Mandatory tumor tissue specimens and associated analyses for clinical trial participation appear to be a significant barrier to clinical trial enrollment and may delay treatment. Routine tissue banking at diagnosis, use of available diagnostic samples, less invasive tests, faster turnaround time at central laboratories, and allowing for local testing and more resources for timely tissue collection are potential resolutions for addressing these barriers.
These conclusions were drawn by investigators at Princess Margaret Cancer Center, in Toronto, Canada, in a study published in the Journal of Thoracic Oncology (doi:10.1016/j.jtho.2015.09.006).
Clinical trials are increasingly requiring mandatory submission of archival tumor tissue or repeat biopsies for analysis before patients can be enrolled in the trial. Due to the nature of personalized and precision medicines, more clinical trials are evaluating therapies designed to target a specific alteration within the tumor. Patients are therefore enrolled in the trial based on the presence or absence of the specific alteration or biomarker.
The authors reviewed and prospectively tracked patients with metastatic non-small cell lung cancer (NSCLC) being assessed for systemic therapy clinical trials from January 2007 to March 2015. The study objectives were to determine the impact of the mandatory tissue requirement on the number of patients with advanced NSCLC who were able to enroll and receive therapy; determine the time from initial consent to repeat biopsy and, ultimately, study therapy; and determine the reasons why patients were not eligible for enrollment.
The study analyzed a total of 55 clinical trials, with 54 linked to therapy and 1 for biomarker analysis only. Thirty-two trials allowed the use of archival samples, but 6 trials mandated repeat biopsies. Presence and/or confirmation of a specific biomarker were required by 24 trials. Trial participation was offered to 636 patients at 940 unique study encounters, with some patients enrolling in multiple trials.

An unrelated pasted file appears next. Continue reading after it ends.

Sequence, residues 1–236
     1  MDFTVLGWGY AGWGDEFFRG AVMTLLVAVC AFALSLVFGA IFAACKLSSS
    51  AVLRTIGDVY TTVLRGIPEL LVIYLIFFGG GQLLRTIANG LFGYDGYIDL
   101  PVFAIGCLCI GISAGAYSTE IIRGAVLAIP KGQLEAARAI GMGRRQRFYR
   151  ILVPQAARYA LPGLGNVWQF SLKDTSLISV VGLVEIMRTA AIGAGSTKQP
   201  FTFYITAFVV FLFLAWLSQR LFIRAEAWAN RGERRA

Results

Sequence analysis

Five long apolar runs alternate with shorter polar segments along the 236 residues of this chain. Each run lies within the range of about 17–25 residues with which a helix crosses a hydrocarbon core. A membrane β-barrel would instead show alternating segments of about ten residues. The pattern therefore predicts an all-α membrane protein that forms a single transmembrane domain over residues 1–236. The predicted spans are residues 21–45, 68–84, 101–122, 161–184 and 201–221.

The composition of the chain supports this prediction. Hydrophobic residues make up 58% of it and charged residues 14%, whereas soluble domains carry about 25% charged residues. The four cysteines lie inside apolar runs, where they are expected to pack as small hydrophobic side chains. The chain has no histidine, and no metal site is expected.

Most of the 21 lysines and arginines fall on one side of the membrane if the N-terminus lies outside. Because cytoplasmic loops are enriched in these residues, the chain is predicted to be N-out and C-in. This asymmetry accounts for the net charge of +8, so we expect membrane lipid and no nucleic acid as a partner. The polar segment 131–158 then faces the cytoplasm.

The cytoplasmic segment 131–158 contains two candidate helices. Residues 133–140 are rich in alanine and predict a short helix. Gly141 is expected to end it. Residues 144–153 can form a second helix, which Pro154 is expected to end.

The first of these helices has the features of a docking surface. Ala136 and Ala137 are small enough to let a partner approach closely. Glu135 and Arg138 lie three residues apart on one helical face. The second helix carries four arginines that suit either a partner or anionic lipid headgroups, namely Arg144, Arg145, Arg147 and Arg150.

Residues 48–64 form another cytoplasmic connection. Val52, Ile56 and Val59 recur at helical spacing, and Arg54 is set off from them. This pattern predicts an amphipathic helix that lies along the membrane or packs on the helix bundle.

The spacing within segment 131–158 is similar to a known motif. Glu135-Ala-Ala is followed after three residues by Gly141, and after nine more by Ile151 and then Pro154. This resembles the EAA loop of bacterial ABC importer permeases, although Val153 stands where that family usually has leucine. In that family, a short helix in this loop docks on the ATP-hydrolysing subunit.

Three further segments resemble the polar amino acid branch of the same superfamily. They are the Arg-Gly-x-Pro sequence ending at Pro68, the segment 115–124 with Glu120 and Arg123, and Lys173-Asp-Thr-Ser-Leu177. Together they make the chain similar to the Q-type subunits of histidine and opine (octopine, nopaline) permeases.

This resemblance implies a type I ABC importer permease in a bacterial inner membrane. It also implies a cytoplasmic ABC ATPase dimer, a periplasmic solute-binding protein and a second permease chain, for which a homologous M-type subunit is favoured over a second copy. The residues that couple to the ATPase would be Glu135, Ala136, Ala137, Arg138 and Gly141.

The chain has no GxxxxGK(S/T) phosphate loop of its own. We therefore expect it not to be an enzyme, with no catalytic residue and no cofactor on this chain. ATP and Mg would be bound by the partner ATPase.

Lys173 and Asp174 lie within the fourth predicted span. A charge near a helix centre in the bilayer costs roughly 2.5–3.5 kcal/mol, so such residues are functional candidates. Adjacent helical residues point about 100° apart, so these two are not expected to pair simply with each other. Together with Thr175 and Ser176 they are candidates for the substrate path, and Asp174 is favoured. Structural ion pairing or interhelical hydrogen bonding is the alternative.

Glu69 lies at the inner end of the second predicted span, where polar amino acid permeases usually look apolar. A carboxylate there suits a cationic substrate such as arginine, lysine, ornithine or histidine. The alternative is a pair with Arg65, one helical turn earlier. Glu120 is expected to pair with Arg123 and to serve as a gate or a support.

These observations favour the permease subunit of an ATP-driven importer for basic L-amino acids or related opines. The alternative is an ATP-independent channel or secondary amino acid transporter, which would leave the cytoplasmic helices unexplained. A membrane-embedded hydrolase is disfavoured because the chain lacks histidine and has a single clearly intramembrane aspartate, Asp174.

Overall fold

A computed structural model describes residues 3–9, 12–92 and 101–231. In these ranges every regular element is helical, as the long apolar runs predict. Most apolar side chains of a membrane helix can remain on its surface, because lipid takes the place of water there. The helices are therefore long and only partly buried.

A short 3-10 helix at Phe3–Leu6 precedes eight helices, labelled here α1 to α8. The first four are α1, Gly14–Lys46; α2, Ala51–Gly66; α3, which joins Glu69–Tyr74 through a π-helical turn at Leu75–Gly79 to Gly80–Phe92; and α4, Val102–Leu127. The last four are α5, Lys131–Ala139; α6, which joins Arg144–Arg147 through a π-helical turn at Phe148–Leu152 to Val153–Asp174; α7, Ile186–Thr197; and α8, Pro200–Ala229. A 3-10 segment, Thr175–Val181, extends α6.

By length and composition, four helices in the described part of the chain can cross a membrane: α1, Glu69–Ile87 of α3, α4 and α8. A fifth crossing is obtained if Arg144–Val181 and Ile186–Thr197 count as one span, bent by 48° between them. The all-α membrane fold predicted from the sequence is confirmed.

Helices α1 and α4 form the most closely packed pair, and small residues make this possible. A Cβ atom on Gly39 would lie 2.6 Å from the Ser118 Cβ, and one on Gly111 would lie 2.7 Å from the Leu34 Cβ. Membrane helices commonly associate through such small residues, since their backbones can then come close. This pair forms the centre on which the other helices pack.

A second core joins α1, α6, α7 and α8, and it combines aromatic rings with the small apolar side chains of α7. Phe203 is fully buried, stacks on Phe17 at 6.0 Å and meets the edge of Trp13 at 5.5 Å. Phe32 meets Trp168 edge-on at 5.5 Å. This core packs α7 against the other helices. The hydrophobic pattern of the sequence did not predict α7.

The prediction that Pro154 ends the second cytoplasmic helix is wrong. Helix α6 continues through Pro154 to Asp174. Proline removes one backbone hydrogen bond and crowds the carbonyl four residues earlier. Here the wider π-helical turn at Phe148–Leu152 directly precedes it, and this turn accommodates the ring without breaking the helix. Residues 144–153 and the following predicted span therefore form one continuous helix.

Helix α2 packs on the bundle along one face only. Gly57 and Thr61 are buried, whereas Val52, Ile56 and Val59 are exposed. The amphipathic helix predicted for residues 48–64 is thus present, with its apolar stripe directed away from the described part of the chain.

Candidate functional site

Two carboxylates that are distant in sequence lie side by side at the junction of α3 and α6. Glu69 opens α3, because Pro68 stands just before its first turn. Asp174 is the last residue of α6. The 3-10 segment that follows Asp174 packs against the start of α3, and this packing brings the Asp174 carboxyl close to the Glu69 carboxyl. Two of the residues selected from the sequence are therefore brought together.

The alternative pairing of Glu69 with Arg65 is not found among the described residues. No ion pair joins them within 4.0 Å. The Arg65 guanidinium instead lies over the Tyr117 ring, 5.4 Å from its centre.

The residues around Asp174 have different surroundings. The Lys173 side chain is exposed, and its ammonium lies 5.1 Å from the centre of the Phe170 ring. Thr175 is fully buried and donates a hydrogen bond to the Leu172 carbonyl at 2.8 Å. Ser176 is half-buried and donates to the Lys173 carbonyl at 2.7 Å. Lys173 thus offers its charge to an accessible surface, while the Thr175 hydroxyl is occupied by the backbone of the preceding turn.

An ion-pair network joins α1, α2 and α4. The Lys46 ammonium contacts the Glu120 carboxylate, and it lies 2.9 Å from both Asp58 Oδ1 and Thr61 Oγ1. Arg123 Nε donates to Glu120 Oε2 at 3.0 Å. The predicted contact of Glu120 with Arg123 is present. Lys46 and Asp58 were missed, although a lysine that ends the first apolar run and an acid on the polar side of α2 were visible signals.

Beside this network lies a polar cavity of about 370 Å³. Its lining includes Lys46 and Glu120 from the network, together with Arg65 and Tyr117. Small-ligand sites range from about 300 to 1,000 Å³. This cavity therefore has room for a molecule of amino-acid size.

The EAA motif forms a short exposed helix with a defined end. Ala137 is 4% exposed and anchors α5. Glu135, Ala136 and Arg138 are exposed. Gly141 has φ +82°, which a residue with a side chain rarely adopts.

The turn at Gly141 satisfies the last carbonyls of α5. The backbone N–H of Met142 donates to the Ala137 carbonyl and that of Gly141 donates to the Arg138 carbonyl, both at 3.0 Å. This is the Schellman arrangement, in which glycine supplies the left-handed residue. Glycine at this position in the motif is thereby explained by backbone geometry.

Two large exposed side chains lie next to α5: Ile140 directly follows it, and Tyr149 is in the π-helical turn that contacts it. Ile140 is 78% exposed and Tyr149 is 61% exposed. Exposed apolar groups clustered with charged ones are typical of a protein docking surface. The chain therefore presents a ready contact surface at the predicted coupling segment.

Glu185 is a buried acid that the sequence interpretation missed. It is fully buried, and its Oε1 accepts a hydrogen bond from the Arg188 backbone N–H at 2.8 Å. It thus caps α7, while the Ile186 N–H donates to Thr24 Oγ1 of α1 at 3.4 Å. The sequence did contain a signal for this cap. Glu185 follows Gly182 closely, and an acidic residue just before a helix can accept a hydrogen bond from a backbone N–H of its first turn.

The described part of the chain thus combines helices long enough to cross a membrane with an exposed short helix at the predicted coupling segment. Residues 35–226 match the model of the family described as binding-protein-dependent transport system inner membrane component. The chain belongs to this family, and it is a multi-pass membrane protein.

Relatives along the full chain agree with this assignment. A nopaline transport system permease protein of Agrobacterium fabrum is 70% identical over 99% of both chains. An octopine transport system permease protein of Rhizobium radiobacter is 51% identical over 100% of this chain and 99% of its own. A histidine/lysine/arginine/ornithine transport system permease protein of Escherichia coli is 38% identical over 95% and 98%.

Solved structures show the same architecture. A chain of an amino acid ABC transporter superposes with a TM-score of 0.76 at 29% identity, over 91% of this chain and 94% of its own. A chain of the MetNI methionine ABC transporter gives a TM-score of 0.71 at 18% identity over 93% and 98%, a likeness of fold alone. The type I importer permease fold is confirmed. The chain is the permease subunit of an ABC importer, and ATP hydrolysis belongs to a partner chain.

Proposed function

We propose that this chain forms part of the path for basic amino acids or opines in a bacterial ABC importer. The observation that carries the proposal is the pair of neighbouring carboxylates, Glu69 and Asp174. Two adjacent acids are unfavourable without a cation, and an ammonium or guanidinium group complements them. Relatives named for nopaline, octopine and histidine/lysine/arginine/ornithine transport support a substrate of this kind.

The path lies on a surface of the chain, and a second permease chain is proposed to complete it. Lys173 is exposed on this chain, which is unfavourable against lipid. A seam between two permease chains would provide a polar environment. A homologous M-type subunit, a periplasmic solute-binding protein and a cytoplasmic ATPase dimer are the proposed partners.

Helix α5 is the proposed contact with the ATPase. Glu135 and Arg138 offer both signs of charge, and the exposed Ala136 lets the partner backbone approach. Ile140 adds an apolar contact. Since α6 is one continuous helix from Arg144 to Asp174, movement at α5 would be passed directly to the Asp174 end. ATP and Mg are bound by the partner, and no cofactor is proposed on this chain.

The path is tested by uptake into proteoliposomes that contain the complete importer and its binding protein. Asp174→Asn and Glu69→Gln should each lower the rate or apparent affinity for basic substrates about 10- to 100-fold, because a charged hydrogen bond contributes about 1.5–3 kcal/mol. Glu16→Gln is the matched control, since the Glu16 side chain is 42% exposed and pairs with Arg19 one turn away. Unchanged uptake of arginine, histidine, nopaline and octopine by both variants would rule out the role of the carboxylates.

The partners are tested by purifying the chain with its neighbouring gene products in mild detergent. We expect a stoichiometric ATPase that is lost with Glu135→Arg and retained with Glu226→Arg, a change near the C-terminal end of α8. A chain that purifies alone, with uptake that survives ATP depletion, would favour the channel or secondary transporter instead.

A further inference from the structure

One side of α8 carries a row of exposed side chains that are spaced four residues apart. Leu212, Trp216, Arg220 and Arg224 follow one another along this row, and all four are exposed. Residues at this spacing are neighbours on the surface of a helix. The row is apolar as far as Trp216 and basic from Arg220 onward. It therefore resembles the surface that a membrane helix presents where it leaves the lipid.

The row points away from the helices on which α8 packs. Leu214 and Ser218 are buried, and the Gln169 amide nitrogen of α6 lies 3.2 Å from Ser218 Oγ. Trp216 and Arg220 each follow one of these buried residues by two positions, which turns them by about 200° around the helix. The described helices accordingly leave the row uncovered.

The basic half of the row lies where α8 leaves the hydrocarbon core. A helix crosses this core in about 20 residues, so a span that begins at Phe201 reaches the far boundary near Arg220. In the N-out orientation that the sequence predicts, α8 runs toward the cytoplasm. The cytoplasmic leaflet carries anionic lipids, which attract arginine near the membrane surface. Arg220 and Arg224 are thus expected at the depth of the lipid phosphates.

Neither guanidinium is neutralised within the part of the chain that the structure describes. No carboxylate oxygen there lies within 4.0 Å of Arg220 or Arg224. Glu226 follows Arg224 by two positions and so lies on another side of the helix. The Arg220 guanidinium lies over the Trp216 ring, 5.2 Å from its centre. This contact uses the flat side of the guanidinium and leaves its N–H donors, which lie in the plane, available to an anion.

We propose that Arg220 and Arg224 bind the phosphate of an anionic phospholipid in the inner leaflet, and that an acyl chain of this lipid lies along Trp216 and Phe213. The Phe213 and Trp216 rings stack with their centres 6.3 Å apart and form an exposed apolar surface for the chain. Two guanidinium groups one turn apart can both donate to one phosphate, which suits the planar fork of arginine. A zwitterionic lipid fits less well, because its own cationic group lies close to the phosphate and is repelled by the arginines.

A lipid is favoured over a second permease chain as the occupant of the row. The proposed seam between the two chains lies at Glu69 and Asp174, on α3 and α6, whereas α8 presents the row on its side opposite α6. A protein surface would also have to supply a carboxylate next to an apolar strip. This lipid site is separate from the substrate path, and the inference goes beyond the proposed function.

In the 54 trials linked to therapy, 549 potential study candidates were screened, and 60% went on to receive the study treatment. More patients received the study treatment when enrolled in trials without mandatory tissue requirement vs those with mandatory tissue requirement (83% vs 55%, P<.0001) and the study treatment was started earlier (median 9 days vs 16 days, P=.002).
In trials permitting archival tissue, 59% of participants received the study therapy, whereas only 38% did when a repeat biopsy was required (P=.0007) and time from consent to therapy was shorter (median 14 days vs 54 days, P<.001).
The most common barriers to trial enrollment included absence of a required biomarker (34%), consent withdrawal (20%), deterioration/death (17%), other exclusion criteria (15%), and insufficient biopsy tissue (10%).
“The consequences of mandatory tumor tissue requirements in advanced NSCLC clinical trials with respect to accrual rates, potential time delays, and patient attrition are sobering for investigators and patients,” said Natasha Leighl, MD, MMSc, senior author of the study. “Our study identifies a need to re-evaluate the role of research biopsies in clinical trials and to implement solutions that will improve patient access to investigational treatment by addressing mandatory tumor tissue requirements.”